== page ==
Good cybersecurity is repetitive and boring

The loss of 4 million records reminds agencies that good Cybersecurity is repetitive and boring

The US Government announced on 4 June that the private information of at least four million current and former government workers had been compromised.

The intrusion occurred in systems owned by the US Office of Personnel Management (OPM) which handles government security clearances. It was detected in April 2015, but in line with most other such intrusions, may have started in 2014.

The attack drew calls by politicians for legislation to strengthen the USA’s cyberdefences. The US blamed China for the breaches, though it is unclear how good their attribution information is.

The Boring but tremendously important bits

Reports from the New York Times indicated that OPM did not possess an inventory of all the computer servers and devices with access to its networks, and did not require anyone gaining access to information from the outside multifactor authentication. OPM also did not regularly scan for vulnerabilities in the system, and found that one third of computer systems that were supposed to be certified as safe for use last year were not “operating with a valid authorization.”

Let’s be clear here, the answer for Cybersecurity in organisations is good housekeeping!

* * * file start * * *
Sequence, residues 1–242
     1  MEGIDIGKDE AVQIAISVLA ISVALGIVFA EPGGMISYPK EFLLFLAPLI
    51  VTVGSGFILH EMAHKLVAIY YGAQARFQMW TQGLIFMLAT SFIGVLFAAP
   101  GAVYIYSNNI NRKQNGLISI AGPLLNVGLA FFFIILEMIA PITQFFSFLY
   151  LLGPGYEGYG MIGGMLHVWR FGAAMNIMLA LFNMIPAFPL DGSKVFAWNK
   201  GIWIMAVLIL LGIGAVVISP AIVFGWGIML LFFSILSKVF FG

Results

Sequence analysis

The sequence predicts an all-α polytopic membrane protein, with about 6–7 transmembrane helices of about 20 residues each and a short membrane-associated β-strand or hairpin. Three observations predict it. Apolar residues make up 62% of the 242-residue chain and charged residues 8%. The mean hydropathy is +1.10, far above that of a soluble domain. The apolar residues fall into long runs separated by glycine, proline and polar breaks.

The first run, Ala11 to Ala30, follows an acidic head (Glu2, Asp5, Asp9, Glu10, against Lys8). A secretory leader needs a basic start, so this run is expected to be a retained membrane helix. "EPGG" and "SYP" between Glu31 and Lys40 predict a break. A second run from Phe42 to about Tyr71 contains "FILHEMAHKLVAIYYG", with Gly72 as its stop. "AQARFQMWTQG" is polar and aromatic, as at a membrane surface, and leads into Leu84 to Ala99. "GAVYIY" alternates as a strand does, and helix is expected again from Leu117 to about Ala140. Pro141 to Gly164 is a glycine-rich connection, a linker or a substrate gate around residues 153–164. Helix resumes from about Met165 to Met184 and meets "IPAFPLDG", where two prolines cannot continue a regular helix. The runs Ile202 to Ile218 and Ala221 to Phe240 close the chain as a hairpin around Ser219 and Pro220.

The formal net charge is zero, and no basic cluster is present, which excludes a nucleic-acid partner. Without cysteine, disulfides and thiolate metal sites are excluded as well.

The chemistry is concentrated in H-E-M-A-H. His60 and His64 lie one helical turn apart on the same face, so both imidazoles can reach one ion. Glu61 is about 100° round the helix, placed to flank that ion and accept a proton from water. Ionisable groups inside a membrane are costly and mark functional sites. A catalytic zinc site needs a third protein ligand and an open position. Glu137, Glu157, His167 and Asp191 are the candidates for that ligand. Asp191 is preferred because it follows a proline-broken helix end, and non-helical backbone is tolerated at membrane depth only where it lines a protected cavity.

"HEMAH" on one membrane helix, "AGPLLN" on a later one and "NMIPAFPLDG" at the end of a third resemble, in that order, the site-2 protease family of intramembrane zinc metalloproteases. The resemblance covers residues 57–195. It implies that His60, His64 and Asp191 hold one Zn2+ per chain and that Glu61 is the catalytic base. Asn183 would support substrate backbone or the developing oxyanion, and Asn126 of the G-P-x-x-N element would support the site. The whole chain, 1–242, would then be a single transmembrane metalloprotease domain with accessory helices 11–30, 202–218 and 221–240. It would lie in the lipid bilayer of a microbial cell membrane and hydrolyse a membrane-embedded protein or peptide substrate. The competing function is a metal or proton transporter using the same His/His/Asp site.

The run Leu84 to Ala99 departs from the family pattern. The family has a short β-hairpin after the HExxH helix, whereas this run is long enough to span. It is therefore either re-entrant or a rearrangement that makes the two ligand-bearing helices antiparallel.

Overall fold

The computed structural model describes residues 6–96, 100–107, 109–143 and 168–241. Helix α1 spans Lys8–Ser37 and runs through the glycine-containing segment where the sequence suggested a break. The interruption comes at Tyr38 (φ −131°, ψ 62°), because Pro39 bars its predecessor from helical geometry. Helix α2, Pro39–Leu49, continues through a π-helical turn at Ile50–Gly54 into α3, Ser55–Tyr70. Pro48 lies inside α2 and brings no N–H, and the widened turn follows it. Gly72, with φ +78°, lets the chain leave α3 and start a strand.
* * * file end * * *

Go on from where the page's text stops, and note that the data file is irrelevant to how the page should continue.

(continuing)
• Assess the business impact levels for your systems
  • Patch
  • Authenticate
  • Minimise privileges
  • Scan your logs
  • REPEAT

There are more things like application whitelisting, but get those right and your organisation can do better than the US Government. The Australian Signals Directorate has published a number of guides for government agencies to help them mitigate all but the most targeted intrusions. They are worth checking out.  http://www.asd.gov.au/publications/protect/top_4_mitigations.htm

This Koala is completely secure from cyber attack
This Koala is completely secure from cyber attack

The answer is not more power for intelligence and law enforcement

Let’s keep it simple

  • Assess the business impact levels for your systems
  • Patch
  • Authenticate
  • Minimise privileges
  • Scan your logs
  • REPEAT

If you have to call the guys/girls in dark suits from government agencies, you’ve lost the fight. Just like in the real world, if you have to call the cops, something’s really wrong with your security.